Peter DamischThroughout his life Peter has pursued many passions; emphasizing the search for knowledge and the joy of sharing information in a Safety, Fun, LearnTM environment. Exploring polar, temperate and tropical regions has yielded close, personal interactions while learning more about the unusual history, intriguing people and cultural / social traditions of each exciting & remote global location.

Peter has traveled globally with 1.3+ Million Km at sea, 75 polar expeditions and 125 tropical / temperate voyages including operations at remote islands including Elephant, Gough, Kvitoya, Novaya Zemlya, Palmerston, Pitcairn and Tristan. Peter recently transited the Northwest Passage and has sailed Captain Cook’s Endeavour replica. As an Expedition Leader & International Team Member he has enjoyed the privilege of guiding & working with people from 150+ countries, spanning 7 continents while visiting remote villages, white water rafting, glacier trekking, para sailing, zip lining or operating along active volcanoes. Peter is a licensed Master Captain of more than 165 sail & motor vessels, including 12 years enjoyment as Managing Director, Bluewater Sailing.

Peter is a former President & CEO of several NASDAQ publically traded corporations as well as a retired U.S Navy Captain with global responsibilities and six tours of duty as either Commanding Officer or Executive Officer that resulted in being awarded the Legion of Merit on behalf of the President. He was also the world’s first Instructor-Examiner for both the American Sailing Association and International Yacht Training organizations.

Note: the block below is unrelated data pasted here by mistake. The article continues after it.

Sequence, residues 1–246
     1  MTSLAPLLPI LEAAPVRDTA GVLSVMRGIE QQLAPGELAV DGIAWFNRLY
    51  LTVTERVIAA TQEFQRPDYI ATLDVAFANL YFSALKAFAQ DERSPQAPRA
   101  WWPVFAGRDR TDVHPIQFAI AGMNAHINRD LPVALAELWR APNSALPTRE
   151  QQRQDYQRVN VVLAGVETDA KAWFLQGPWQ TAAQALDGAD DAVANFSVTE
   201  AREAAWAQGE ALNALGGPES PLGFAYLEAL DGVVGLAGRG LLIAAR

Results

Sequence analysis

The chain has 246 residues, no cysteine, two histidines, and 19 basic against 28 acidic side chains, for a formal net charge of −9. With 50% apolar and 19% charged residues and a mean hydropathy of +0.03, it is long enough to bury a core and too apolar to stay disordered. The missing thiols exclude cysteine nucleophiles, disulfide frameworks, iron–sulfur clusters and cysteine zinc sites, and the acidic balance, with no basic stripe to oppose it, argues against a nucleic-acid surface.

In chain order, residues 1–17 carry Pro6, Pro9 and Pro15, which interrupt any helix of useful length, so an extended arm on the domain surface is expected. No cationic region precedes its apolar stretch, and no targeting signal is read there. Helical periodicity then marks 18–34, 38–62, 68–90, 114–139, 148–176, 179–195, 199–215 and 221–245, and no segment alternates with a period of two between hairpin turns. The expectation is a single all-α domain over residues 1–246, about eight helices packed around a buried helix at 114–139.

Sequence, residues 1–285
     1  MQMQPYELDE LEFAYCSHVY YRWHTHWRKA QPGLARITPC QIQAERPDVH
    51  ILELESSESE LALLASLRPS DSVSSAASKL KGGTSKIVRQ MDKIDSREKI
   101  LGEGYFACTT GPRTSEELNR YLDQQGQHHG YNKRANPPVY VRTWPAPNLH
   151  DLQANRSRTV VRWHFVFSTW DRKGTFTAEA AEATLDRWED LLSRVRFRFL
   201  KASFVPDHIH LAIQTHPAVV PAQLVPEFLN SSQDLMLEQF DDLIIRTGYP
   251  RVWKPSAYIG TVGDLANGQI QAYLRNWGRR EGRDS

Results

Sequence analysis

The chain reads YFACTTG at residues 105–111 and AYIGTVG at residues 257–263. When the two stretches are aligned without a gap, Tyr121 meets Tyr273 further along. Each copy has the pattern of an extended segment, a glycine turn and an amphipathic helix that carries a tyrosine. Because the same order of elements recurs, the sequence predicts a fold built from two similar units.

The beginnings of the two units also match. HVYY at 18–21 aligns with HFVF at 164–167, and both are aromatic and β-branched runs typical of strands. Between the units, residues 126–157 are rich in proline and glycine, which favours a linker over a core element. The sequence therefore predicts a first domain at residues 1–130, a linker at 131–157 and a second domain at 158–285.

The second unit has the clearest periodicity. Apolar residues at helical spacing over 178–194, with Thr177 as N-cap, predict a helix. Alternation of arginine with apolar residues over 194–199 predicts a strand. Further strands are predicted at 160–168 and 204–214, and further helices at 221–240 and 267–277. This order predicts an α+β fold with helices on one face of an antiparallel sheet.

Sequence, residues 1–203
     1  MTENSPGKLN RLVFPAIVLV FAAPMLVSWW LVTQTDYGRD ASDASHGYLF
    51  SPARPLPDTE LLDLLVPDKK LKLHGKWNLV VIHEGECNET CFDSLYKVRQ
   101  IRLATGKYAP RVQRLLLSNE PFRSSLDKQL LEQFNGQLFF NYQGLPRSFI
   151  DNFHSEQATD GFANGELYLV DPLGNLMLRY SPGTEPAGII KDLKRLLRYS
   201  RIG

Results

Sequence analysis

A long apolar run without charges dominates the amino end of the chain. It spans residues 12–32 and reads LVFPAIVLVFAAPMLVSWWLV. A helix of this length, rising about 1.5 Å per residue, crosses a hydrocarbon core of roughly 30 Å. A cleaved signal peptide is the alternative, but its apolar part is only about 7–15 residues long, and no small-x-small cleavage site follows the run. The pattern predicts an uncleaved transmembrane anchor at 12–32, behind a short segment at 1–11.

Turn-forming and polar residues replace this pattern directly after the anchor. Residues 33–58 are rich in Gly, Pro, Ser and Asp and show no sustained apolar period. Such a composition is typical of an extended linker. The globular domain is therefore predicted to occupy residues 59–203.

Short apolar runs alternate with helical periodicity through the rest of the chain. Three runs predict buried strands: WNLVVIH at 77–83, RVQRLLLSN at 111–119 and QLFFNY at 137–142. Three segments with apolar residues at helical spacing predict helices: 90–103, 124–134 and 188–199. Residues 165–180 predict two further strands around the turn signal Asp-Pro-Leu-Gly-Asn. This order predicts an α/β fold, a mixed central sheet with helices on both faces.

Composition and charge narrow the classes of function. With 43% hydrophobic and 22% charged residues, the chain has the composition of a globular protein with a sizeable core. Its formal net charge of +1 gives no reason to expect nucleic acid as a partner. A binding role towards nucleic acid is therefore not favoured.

Peter holds multiple graduate degrees and is particularly well known across the globe for his many educational and humorous presentations on a wide variety of historical, nautical or geological topics. He continues his on-going pursuit into the heart of travel enrichment with his wife, Lesley, whom he met and later married in the Antarctic, resulting in multiple newspaper articles, including two in the “New York Times”.

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John Fonseca

John FonsecaJohn is a United States Polar Program Antarctic and Arctic veteran having spent many years in the Polar Regions of the planet. He has served as the boating coordinator-search and rescue lead for Palmer Station on the Antarctic Peninsula and fleet operations lead, logistics team member, winter search and rescue lead for the Amundsen Scott-South Pole Station. John has wintered over at the South Pole and because there are so few people in the world who winter at the South Pole, those who do are "numbered" by the U.S. National Science Foundation, John is number #1121. He was awarded the U.S. Antarctic Service Medal in 2005. In the Arctic, John has served as the Station Manager for Summit Station on the Greenland Ice Cap, part of John’s responsibility at Summit Station was managing the highest and longest ice runway on the planet, Summit Station’s elevation is 10300 feet and the runway is 16500 feet long.

While not at the earth’s Polar Regions, John was a NOAA boating and biological technician in the Papahanaumokuakea National Monument in the Northwestern Hawaiian Islands. John spent over 9 months operating zodiacs and living in field camps on Pearl & Hermes Atoll and Kure Atoll in the middle of the Pacific in support of the critically endangered Hawaiian Monk Seal.

John is fortunate to have spent most of his life in the outdoors, climbing, hiking, kayaking, and boating some of the world's most pristine mountains, glaciers and waterways. He has guided climbing, trekking, kayaking and boating trips everywhere from Baja's Magdalena Bay to the Wairua River in New Zealand. John’s experience runs the gamut from a naturalist in Southeast Alaska to a Bear Specialist for Yosemite National Park.

John has extensive small boat and zodiac experience, in addition to being the Ocean Search and Rescue lead in Antarctica, he is certified in open- ocean and near coastal waters by NOAA. John is also certified by the Alaska State Parks in firearms for Bear Protection and he is trained in Wilderness First Aid, CPR for Professionals, Swift Water Rescue, and holds a Life Boatman Certificate and 31½ hour Marine Survival Craft Certificate.